Popular California sushi restaurant charged with selling endangered whale meat
Legal news for California environmental attorneys. Japanese restaurant, the Hump, charged for selling Sei whale meat at their Santa Monica restaurant.
Environmental attorneys alert- A restaurant was charged with violating the Marine Mammal Protection Act by selling Sei whale meat.
Santa Monica, CA—A popular Japanese restaurant known for serving exotic forms of sushi, is facing a criminal complaint, which alleges the restaurants chef of serving whale meat, a direct violation of the federal Marine Mammal Protection Act. The National Oceanic and Atmospheric Administration (NOAA), the United States Fish and Wildlife Service (FWS), the California Department of Fish and Game (DFG), and the federal Customs and Border Protection (CBP) agency, all investigated the restaurant, the Hump, as reported by the New York Times.
The investigation was initiated by the people behind the Oscar-wining documentary film, “The Cove,” which depicts the dark practices surrounding dolphin hunting. After a thorough investigation by the multiple governmental agencies, they concluded that the Hump was indeed serving the meat of an endangered whale, the Sei whale. According to Wikipedia http://www.wikipedia.org, the Sei whale is a baleen whale and has been under international protection since 1970.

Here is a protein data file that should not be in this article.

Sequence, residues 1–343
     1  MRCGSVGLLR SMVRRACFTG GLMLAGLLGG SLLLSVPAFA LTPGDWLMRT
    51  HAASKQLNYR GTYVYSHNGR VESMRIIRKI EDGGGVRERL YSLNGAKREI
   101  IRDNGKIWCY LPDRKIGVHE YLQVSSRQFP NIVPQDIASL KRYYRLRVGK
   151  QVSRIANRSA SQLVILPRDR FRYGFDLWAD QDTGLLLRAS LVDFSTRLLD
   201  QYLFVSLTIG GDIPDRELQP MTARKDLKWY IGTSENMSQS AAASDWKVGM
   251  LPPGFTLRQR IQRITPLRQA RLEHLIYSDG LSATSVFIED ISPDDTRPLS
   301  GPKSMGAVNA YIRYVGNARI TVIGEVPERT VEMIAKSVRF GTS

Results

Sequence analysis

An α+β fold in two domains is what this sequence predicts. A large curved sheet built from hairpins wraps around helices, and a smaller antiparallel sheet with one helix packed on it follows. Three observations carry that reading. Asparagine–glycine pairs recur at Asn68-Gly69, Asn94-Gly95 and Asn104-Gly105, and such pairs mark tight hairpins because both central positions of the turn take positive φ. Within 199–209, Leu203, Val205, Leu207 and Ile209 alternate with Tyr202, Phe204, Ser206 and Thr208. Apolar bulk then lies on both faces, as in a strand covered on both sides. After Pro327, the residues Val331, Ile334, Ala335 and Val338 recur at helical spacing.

Undercover agents and environmental activates visited the restaurant where they pocketed the suspected meat for testing. The complaint names Typhoon Restaurant Inc., who owns the Hump, which is located next to the Santa Monica Airport runway. The filing also names the chef, Kiyoshiro Yamamoto, with the illegal sale of a marine mammal product for an unauthorized purpose. The charge is a misdemeanor offense, with a maximum statutory penalty of one year in a federal prison, in addition to a maximum fine of $100,000 for an individual and $200,000 for an organization. Lawyers representing the Hump stated that the restaurant is accepting responsibility for illegal sale of whale meat, and has agreed to pay a fine and resolve the issue in court.
Legal News Reporter: Nicole Howley-Legal news for California environmental lawyers.